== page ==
Understanding how title to real estate affects your probate
When working on your estate plan, your financial planner and attorney will likely ask you the same question many times: “How is that asset titled?” How you set up your assets affects what happens to that asset after you die. Perhaps no asset is more complicated than real estate when it comes to title and transfer.
Owning real estate with another person
Most people know that title to real estate is important, but don’t understand why. Title means you have the right to own and possess a piece of property. Other people may have an interest in the property, but you have the main legal interest. More than one person can be in title at one time, however. There are three ways you can hold title with another person:
Joint tenant with right of survivorship. With joint tenancy, two or more people in title own the entire property together, and if one of them dies, the other becomes the new owner. The property does not have to go through probate. More than two people can be joint tenants.
Tenants by the entirety. Most married couples choose this option for joint ownership and it is only available to married couples. Tennessee is not a community property state, which means that if you are married, your spouse must be on title to the property to have an ownership interest in any property, aside from the homestead. Tenants by the entirety is similar to joint tenancy, but also provides some creditor protection from the other spouse’s debts.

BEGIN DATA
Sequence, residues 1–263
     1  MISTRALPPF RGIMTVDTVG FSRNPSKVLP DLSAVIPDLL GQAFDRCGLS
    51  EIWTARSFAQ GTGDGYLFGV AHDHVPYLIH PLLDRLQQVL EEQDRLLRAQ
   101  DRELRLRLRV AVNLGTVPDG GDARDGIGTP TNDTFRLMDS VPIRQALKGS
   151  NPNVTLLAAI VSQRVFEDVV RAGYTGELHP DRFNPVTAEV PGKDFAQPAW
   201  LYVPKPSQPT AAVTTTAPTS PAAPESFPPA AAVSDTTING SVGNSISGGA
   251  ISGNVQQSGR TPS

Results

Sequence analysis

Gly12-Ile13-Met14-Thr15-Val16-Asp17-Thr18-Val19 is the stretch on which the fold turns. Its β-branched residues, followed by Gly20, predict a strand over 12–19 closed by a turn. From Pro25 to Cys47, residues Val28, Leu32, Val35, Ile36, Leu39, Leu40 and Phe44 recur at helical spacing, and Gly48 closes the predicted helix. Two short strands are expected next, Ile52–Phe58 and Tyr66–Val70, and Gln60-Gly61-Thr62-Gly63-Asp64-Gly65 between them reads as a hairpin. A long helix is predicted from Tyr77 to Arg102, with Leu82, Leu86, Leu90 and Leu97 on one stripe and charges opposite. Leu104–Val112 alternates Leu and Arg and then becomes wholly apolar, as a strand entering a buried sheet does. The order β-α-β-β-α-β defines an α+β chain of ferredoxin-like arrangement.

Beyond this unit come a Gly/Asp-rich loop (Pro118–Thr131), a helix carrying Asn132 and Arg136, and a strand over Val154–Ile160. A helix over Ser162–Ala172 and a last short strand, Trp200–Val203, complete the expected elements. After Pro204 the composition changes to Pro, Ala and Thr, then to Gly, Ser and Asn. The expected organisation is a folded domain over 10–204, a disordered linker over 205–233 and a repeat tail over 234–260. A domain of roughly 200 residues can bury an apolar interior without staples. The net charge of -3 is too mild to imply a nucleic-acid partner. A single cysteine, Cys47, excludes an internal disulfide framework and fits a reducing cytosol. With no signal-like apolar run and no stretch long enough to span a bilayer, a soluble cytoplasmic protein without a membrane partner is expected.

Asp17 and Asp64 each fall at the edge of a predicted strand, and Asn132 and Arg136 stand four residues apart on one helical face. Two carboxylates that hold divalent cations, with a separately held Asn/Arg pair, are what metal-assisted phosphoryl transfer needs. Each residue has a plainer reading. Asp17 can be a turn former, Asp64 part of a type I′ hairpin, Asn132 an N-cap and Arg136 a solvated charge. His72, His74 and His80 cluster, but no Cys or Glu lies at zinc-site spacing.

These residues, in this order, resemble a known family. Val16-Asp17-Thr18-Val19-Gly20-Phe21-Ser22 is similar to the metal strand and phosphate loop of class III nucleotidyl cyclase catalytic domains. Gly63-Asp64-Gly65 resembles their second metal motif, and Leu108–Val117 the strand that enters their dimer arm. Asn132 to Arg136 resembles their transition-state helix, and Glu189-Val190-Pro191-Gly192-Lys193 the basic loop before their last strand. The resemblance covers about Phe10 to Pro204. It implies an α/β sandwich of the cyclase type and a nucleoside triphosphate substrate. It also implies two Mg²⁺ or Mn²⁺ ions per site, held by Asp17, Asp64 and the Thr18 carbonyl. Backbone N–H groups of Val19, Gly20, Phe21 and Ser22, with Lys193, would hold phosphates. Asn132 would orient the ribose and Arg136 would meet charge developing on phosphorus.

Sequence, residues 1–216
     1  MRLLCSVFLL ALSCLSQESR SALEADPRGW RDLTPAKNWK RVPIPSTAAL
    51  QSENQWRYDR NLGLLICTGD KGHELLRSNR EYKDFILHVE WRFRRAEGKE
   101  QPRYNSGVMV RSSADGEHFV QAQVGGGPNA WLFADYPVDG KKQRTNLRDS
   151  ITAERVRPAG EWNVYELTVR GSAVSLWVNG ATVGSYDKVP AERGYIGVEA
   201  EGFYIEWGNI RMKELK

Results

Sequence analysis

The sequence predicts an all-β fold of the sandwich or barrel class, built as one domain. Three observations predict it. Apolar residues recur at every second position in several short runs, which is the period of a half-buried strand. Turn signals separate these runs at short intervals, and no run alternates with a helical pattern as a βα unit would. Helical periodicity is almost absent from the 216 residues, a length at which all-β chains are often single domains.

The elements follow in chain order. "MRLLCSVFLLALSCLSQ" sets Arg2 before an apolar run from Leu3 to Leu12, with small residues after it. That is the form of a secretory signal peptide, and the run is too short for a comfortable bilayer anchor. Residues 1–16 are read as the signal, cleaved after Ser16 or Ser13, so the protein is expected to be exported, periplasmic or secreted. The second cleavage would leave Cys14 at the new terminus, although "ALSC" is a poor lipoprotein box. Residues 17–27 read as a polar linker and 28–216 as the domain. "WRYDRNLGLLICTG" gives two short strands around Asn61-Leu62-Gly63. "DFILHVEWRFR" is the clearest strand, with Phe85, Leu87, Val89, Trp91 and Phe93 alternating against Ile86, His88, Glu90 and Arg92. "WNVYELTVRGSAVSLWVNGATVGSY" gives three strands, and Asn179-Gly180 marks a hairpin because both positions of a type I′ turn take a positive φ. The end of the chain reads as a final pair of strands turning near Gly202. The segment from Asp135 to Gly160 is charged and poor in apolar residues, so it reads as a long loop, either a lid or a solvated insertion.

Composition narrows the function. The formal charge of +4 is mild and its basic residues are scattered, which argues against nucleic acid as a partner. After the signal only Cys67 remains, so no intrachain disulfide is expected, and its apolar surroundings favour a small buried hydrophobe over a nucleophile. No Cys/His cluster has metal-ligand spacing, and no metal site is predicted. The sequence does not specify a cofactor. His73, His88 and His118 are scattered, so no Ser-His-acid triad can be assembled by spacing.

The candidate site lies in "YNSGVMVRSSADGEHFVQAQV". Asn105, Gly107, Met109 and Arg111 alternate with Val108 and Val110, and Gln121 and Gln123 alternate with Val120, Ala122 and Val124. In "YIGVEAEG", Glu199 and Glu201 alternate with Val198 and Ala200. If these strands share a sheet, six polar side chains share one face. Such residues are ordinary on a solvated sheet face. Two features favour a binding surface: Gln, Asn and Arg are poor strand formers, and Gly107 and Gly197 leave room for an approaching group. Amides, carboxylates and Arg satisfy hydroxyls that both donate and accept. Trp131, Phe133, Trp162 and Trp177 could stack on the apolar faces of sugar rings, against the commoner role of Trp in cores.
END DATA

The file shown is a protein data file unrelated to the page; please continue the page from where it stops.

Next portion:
Tenants in common. Tenancy in common is the default title for property in Tennessee. Everyone on title has an equal share in the title, with no right of survivorship. For example, if two brothers own the property and one dies, the other brother still only owns half the property and the deceased brother’s half will have to go through probate. Many people choose this option when they want to be sure their interest in the property will go to their heirs, rather than the other owner.
Owning real estate by yourself
If you are the sole owner of the property, you have many choices for how to handle the transfer of that property once you are gone. This also applies to partial interests you may have in real estate as a tenant in common. You must decide how to pass your interest. You can execute some of the options before you die, or set it up to transfer after you die.
Trusts. Many people place their assets in a trust in order to avoid probate. A trust is an entity, like a business, that will hold your assets for your benefit. Trusts come in many varieties. You should discuss your trust options with your attorney or other professional advisor.
Outright transfer. Some people choose to transfer property to their children or another loved one before they pass away for many different reasons, but there can be tax consequences for these transfers.
Wills. You always have the option of transferring your property in your will, which has the benefit of stating exactly how and to whom you would like to transfer the property.
These are just a few of the options you have for planning the transfer of your real estate after you are gone. The important thing is to understand how your property is titled so you can choose the right option for your estate plan.